Is there a big risk if removed?
Welcome to the forums.

And I'm not meaning to put you down, but as you questioned the purpose of the spoke protector and its importance, one can assume you may not have ever experienced adjusting a derailleur. It isn't really that difficult, and the checking of the stop screws is a regular maintenance item IMHO. It would not be a bad idea to make sure the shifting is good in that regard.

Also for what it's worth, I'd probably remove a plastic one too.
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Old 06-22-23, 06:49 PM
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Originally Posted by Chuck M
Welcome to the forums.

And I'm not meaning to put you down, but as you questioned the purpose of the spoke protector and its importance, one can assume you may not have ever experienced adjusting a derailleur. It isn't really that difficult, and the checking of the stop screws is a regular maintenance item IMHO. It would not be a bad idea to make sure the shifting is good in that regard.

Also for what it's worth, I'd probably remove a plastic one too.
Not a put down at all. Actually a pretty good intuition. I have adjusted a different bike a couple times but never felt like I really knew what I was doing but learning my way through it. I'll make a point to get more familiar with adjusting this one. Thanks, everyone.
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Old 06-22-23, 07:12 PM
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Originally Posted by Superjim2
So there's a plastic ring (disc) behind my rear sprockets that clips on the spokes. I assume it's function is to keep the chain from dropping off behind the largest sprocket between the sprocket and spokes. Looks like a government safety requirement. Do most people leave it on or removed it? Is there a big risk if removed?

Yes, bicycles manufactured for retail sale in the US must have "Derailleur guard. Derailleurs shall be guarded to prevent the drive chain from interfering with or stopping the rotation of the wheel through improper adjustments or damage." Note that that only applies to selling complete bicycles from a manufacturer.

Time was it was a fairly decent looking metal plate, Modern plastic ones I find get crappy-looking quickly. I have a bike with the old Suntour Mountech RD that's a little bent and to get it to shift into the biggest gear I have to adjust it so it can drag a little on the spokes if over-shifted (friction downtube shifters) so I should probably use the pie plate but with multiple wheels haven't bothered and just use normal care when shifting.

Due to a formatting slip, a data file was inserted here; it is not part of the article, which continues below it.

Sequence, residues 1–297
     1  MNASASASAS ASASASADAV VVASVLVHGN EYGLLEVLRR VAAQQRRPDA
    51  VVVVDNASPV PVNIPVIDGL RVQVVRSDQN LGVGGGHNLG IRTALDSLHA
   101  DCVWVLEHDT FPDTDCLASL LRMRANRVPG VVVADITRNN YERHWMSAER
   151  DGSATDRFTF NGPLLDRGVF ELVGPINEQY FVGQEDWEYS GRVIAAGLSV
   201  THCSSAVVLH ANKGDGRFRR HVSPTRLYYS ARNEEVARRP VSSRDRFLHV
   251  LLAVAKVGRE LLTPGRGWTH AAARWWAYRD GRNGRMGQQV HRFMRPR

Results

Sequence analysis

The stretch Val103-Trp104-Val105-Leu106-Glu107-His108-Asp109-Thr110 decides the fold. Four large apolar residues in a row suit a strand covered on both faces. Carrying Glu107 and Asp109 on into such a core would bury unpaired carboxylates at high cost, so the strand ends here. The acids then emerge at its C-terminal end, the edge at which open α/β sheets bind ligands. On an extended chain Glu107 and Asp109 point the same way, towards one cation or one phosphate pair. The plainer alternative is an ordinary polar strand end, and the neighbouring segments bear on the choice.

scott s.
.
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Old 06-22-23, 10:05 PM
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Dork disks are dorky, until they become vintage at which time they become cool. To wit, vintage 70's pie plate slotted chrome Schwinn dork disks. Excellent wall decorations or wall clock faces. Your plastic dork disk is unlikely to ever achieve that status. OTOH who knows, maybe unchipped plastic consumer memorabilia will become highly collectable, coming represent the good old days of the 2020's.

Not to say they are not functional.

As stated, a properly adjusted and straight derailleur will put neither itself nor the chain into the spokes. A prideful bike owner who does their own wrenching, or pays big bucks for someone else to maintain their steed, takes the lack of dork disk as a means of distinguishing themselves from the unwashed masses.

I was removing the plastic dork disk on a new bike the other day. Upon removing the cassette, which I assumed was pinned, the sprockets and spacers flung themselves across the garage floor into every hiding place. I found everything except one spacer. The universe was speaking to me, calling me out for my vanity and pride.
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Old 06-23-23, 04:56 AM
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Originally Posted by urbanknight
the fraying cable that would grab my attention. Crimp that thing!
That was 10years ago!
Today and as an 8 speed.